My founding story.

"Who can take away suffering without entering it? "

- Henri Nouwen, The Wounded Healer

Forgetting Myself

 

I remember not remembering, clearly. The clerk at the sandwich shop we were ordering from asked me what I wanted on my sub. I started to tell her. Lettuce, onions, tomatoes, and then I stopped dead—frozen—staring at the item I wanted on my six-inch cold-cut. I knew these things in front of me were green peppers, and I knew I wanted them, but I couldn’t say the words “green peppers.”

 
Our decent into this bedazzling landscape coincided with another, stranger and far more unnerving descent in my life to get to the bottom of disturbing neurological health problems I’d had for about a year.

Four seconds go by. Five…six…seven. My mind is blank but not so empty that I don’t realize I’m having that glitch again in my head again. I was teetering at the point where I could still simply appear indecisive. This is not a big problem.

 

Pointing my finger at the green peppers was an obvious move. It worked. The clerk got what she needed to know, and whatever spasm in my brain that was blocking access to simple words I’ve said a thousand times relaxed.

Ah, problem solved.

COVID had just shuttered public schools in Maryland, three weeks before our long-planned 42-mile rim-to-rim-to-rim hike through the Grand Canyon. We hopped on a plane and got the last permit handed out by the backcountry office inside GCNP. In hindsight, it was risky. It was also the ultimate way to social distance.

I was in the clear—for the moment—and having regained my ability to name an everyday object and quickly speak it brought a rush of relief that washed over me like an ocean wave hitting the sand, filling any voids, erasing any sign of them.

Or so it seemed.

Hiding the Baby


In my nearly twenty years of practicing as a psychotherapist I have successfully helped people recognize and work though very serious forms of depression, among them, postpartum depression (PPD). PPD is a unique and sometimes very dangerous condition in which the mother rejects her child and has a strong desire to abandon all the typical mothering behaviors.

Thankfully, PPD is usually very hard to hide (since babies are kind of really hard hide) and can be one of the most successfully treated kinds of depression as a result.  


I share this because I want you to know that my mind is tuned to have a pretty keen ability to sniff out depression in someone—in all its common and uncommon shapes and sizes—and skillfully steer them toward the path of recovery. I also share this because I didn’t expect that my mind would also know exactly how to mask a form of depression in myself.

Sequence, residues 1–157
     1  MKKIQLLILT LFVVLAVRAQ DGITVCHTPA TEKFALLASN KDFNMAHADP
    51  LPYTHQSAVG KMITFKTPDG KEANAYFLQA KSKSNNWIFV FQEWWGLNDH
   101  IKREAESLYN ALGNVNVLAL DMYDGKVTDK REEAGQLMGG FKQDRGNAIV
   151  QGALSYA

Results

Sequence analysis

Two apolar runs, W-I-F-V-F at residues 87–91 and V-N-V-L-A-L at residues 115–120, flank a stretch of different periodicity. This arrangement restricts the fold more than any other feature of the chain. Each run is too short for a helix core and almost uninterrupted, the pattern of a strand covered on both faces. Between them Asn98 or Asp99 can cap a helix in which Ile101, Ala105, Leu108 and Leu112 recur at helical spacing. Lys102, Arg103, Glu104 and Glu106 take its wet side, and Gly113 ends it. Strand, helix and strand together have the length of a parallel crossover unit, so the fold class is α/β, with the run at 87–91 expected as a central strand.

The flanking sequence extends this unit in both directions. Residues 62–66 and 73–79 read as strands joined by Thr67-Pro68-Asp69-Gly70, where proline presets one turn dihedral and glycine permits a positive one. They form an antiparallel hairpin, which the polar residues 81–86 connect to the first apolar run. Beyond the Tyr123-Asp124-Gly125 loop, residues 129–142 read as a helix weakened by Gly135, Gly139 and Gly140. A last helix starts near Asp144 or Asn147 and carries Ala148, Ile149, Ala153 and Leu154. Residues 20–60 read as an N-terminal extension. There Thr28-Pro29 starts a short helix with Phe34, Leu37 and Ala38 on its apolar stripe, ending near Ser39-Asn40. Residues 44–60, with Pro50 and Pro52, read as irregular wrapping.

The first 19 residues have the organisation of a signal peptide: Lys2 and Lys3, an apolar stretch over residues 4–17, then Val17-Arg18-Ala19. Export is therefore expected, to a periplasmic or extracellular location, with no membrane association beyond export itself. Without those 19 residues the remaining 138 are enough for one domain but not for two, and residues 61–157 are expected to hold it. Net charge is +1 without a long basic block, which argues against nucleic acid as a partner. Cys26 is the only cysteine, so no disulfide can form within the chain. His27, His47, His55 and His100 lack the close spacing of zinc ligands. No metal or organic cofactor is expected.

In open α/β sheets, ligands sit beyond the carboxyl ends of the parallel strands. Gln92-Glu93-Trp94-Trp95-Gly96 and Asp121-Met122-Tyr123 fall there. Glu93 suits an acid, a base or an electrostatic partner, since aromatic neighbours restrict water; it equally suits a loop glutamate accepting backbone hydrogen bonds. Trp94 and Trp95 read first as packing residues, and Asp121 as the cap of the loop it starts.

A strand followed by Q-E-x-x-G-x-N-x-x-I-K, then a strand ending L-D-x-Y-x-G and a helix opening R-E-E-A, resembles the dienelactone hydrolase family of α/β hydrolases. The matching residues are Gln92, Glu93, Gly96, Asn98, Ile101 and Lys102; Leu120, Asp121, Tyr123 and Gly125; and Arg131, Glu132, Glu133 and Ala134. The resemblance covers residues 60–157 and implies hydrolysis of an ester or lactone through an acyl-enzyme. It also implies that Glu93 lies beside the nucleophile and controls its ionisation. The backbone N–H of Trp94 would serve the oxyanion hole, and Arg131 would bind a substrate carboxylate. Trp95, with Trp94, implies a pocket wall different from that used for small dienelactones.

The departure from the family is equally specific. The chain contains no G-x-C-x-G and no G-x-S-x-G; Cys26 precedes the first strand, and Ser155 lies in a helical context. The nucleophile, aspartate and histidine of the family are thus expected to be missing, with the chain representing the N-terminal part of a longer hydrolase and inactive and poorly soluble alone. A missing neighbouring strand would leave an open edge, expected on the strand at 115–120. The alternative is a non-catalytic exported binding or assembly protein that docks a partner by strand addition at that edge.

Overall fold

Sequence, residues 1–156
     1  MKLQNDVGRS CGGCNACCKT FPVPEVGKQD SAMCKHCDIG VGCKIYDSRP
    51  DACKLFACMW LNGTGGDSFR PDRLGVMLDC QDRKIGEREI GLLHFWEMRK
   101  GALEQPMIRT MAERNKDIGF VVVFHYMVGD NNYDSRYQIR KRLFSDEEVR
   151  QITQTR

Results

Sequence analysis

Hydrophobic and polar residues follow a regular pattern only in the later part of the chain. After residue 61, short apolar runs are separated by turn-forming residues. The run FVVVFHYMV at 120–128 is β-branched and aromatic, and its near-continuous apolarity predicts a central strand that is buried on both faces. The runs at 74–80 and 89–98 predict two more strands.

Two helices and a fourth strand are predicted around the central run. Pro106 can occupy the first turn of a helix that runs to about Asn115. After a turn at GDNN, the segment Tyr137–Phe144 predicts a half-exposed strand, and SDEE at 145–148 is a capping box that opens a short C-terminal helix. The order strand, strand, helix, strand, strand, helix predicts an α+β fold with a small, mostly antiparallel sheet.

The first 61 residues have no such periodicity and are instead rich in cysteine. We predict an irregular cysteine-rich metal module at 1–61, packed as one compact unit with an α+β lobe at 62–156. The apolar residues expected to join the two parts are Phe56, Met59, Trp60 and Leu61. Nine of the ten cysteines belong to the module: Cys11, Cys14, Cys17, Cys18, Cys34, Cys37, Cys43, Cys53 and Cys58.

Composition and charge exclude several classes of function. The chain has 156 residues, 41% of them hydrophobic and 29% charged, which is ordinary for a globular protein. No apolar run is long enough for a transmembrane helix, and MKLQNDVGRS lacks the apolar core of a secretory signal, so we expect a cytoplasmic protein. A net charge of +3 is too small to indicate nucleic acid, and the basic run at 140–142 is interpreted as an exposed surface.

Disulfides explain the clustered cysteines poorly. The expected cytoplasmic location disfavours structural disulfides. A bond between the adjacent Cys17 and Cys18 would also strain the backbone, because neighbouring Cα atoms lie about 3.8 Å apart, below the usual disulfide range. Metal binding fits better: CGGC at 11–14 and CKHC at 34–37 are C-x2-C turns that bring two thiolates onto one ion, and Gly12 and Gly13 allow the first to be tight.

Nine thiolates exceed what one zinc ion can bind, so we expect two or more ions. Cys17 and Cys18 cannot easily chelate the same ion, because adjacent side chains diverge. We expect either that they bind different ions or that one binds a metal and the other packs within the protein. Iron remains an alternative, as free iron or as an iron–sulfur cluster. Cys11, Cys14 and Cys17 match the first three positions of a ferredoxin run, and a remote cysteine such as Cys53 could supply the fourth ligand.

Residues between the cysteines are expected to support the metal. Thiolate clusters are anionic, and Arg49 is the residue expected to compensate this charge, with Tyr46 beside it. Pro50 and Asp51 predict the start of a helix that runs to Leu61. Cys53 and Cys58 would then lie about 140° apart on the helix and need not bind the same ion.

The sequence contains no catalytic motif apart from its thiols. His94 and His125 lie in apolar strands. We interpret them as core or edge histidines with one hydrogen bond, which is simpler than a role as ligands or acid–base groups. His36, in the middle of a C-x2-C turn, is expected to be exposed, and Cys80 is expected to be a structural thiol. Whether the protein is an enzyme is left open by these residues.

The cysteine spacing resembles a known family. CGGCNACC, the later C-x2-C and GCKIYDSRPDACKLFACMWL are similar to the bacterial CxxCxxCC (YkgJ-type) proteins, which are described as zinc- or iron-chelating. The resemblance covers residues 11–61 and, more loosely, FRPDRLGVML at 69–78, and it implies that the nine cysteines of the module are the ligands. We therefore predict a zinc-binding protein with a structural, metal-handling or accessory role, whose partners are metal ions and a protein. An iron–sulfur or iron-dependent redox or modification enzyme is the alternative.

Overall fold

A very powerful part of my mind was hiding the baby.

Abandoned Ship


A little more about my professional world.

My background in psychotherapy is informed by being trained many years ago as a licensed clinical social worker. I own and direct private practice clinics that serve adults, with offices in DC, and Bethesda, Maryland. Our team specializes in psychological trauma, marriage and relationships, depression, anxiety, and substance abuse, and a myriad of other symptoms—often expressed as life obstacles or health problems.

It was overwhelmingly painful to try to summon my interest, even for ten minutes, to focus on this project, a well-designed space ship abandoned by the crew on the launch pad.

Love Under Repair - Ebook Small

From the very beginning of my career, I built my reputation as a clinician—and the success of my practice—by becoming a relationship specialist. There’s a high demand for marriage counseling but a huge under-supply of highly trained relationship counselors. As my success increased, so did my fees. In 2015 I wrote a book called Love Under Repair which led to more success, and even higher fees. I realized my talent in the business of private practice and hired more and more clinicians as associates.

In 2017 I wrote, produced and launched a multi-media, online course for couples called Mindful Marriage. This publishing project took five times the effort, time, and money to produce than my first book and many of my colleagues have told me they believe it’s a powerful tool that can really help others.So what did I do after publishing it?

Nothing.

I went through the motions of making it available in the world, but shared it with practically no one. It was overwhelmingly painful to try to summon my interest, even for ten minutes, to focus on this project—a well-designed space ship abandoned by the crew on the launch pad.